Say What You Mean

Photo by  Jason Rosewell  on  Unsplash

The other day, I had the common experience of having no idea what someone was saying to me, but enthusiastically nodding my head in full agreement. The entire conversation was over my head. This person was using words and phrases they assumed I understood, but I didn't. Since I cared more about looking smart than actually being honest, I nodded along like a bobble-head.

The whole thing got me thinking. How often do we use words or phrases in our groups that not everyone understands? It's especially important to watch out for this kind of thing when new believers or non-believers are in your circle.

Insider language can make people feel like outsiders. Plus, let's face it, if you've been in or around the church for a long time, there are certain words and phrases — let's call them "Christianese" — that you may take for granted, but are actually weird to anyone not in the know.

Here are some example, along with what they usually mean in common English:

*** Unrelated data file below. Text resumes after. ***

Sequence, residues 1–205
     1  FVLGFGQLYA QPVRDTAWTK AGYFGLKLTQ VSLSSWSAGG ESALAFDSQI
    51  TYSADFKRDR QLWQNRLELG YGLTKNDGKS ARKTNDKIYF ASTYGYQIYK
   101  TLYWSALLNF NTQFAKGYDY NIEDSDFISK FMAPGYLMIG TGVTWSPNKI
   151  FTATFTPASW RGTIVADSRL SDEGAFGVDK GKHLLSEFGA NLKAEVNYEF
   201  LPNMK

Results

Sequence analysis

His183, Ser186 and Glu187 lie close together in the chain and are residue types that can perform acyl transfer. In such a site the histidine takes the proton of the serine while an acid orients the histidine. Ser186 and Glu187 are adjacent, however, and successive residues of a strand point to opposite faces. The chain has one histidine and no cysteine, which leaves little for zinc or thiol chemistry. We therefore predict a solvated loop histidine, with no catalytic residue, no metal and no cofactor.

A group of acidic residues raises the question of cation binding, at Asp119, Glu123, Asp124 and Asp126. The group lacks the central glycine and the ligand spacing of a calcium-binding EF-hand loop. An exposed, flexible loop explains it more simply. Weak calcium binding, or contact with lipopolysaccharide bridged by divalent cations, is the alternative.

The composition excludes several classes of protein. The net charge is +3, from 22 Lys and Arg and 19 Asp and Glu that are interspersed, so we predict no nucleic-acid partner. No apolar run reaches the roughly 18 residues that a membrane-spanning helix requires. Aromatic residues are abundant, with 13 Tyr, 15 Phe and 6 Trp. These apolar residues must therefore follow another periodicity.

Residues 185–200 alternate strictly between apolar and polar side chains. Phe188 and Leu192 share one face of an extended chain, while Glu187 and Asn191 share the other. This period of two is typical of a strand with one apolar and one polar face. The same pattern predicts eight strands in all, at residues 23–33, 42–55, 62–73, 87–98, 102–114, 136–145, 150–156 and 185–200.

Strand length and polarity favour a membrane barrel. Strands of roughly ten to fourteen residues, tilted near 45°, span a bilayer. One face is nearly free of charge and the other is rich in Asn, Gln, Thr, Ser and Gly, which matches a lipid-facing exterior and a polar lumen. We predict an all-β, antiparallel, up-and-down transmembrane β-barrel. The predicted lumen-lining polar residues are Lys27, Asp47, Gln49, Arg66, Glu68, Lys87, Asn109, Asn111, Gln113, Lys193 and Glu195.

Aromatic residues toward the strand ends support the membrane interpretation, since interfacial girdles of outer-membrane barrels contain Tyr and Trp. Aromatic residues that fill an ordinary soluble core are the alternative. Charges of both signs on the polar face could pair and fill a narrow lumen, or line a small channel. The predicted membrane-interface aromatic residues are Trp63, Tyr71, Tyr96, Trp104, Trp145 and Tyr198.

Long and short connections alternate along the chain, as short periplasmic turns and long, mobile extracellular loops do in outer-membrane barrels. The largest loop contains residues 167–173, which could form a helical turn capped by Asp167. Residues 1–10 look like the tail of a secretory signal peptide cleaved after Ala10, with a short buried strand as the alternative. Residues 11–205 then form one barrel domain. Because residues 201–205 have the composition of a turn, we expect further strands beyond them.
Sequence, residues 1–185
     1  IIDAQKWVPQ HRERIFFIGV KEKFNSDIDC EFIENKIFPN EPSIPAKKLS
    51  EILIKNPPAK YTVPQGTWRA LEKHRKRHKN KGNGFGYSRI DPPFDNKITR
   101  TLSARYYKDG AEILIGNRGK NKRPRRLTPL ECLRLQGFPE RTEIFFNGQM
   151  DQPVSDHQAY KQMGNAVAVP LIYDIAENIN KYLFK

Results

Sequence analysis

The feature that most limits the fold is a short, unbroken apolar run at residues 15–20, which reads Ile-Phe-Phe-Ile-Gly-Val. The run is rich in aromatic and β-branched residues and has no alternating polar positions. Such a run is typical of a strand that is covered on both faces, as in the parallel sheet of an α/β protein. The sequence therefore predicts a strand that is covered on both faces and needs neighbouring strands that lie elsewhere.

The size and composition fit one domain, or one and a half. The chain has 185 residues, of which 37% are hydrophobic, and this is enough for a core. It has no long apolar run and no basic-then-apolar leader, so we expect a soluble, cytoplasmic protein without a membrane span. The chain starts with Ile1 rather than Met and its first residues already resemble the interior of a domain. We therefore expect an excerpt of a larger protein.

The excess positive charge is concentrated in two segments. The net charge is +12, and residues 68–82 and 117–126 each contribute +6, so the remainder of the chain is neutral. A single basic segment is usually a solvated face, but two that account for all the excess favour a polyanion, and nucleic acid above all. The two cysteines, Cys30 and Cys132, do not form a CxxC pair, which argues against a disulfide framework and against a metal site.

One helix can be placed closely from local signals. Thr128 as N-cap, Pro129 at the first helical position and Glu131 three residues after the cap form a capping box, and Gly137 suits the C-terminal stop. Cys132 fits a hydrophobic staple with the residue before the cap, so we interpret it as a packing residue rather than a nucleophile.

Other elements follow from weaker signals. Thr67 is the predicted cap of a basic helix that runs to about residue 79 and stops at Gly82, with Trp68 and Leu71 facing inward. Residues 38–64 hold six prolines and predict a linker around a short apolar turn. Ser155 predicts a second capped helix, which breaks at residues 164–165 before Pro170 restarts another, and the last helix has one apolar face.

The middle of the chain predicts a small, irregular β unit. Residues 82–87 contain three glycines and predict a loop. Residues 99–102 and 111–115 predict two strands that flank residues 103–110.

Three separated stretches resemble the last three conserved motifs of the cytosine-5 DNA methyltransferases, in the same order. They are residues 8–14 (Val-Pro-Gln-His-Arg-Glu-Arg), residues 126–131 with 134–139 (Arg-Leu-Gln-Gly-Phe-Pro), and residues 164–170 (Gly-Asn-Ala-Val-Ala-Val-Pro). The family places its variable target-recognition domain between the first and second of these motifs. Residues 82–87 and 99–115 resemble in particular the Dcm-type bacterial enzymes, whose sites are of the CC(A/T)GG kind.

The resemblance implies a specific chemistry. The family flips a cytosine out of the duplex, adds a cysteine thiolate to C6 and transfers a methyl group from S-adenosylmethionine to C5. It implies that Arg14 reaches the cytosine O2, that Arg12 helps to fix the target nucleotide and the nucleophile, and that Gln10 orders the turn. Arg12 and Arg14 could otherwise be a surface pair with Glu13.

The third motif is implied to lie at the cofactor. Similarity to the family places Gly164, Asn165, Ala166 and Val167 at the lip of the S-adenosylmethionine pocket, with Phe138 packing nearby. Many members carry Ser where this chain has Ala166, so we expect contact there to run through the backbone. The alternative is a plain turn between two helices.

God is in control: I have no idea what's happening right now.
Bless you: (1) You poor thing. (2) Thank you. (3) I want to acknowledge that you just sneezed.
What’s God doing in your life?: What's up?
Lord willing . . .: This silence is awkward. Let's change the subject.
Quiet time: When I read the Bible and pray.
That is/isn't biblical: I don't think that opinion is correct, but I can't articulate why.
God is telling me to: (1) I want to. (2) [less common variant] I don't want to.
I have an unspoken prayer request: There's drama in my life, but I don't want to talk about it.
What's God teaching you?: Are you working on your junk?

Anyone who's been around the church for a while is bound to drift into using insider language. In fact, if everyone is an insider, insider language can speed up communication and make it more efficient. But it can also make us lazy. Using the same phrases over and over can stop us from thinking about what we're actually saying.

Where do you let "Christianese" slip into your conversations? Are there times when it may confuse members of your group? In what ways do you use it as a kind of shorthand that allows you to avoid thinking through what you're saying?

Make an effort to use common English. Be intentional about communicating clearly and with as much simplicity as possible. That actually requires more thought, but it has the power to make you a better, more effective leader.